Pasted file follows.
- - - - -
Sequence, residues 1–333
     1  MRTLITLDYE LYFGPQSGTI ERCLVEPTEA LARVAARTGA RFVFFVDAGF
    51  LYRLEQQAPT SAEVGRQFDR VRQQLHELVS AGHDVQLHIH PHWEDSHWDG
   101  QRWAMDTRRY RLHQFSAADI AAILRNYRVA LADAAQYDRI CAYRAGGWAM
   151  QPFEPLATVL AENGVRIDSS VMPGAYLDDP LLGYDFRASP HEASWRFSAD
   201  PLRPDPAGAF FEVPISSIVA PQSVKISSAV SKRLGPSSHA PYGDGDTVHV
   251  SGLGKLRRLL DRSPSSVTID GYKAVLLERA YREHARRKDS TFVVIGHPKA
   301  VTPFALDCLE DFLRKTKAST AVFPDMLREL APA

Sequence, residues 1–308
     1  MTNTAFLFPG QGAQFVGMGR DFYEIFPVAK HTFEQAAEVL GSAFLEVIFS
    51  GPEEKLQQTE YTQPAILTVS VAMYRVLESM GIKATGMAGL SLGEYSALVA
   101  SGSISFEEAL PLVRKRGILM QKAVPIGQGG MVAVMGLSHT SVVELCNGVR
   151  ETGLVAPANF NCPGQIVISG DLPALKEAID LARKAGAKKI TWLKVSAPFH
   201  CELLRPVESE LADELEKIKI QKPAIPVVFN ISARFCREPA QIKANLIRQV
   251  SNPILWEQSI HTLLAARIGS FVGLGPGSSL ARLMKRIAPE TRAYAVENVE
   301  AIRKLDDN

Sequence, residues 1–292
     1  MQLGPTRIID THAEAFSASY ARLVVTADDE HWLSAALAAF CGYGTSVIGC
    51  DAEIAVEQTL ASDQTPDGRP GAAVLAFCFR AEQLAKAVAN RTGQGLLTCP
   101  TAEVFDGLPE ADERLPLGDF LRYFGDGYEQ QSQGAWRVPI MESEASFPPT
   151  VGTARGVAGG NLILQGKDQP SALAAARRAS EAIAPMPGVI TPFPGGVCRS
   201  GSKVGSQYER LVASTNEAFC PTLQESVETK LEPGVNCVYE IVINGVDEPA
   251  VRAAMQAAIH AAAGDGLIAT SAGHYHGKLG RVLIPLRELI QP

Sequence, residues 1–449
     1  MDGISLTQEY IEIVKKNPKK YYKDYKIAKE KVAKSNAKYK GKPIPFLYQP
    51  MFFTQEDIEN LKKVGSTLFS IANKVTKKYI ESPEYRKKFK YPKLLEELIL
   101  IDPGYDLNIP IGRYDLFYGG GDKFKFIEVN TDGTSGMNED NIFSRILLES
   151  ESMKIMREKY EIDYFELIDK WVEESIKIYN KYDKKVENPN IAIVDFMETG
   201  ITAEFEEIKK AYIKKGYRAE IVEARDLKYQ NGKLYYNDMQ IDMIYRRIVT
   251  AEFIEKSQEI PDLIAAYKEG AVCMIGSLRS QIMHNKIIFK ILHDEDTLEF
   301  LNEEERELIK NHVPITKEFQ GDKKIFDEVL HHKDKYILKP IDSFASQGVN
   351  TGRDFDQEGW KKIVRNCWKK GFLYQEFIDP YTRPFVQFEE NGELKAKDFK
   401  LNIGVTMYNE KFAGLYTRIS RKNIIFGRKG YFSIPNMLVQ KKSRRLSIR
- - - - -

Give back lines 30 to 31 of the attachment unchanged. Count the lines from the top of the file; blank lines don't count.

   251  AEFIEKSQEI PDLIAAYKEG AVCMIGSLRS QIMHNKIIFK ILHDEDTLEF
   301  LNEEERELIK NHVPITKEFQ GDKKIFDEVL HHKDKYILKP IDSFASQGVN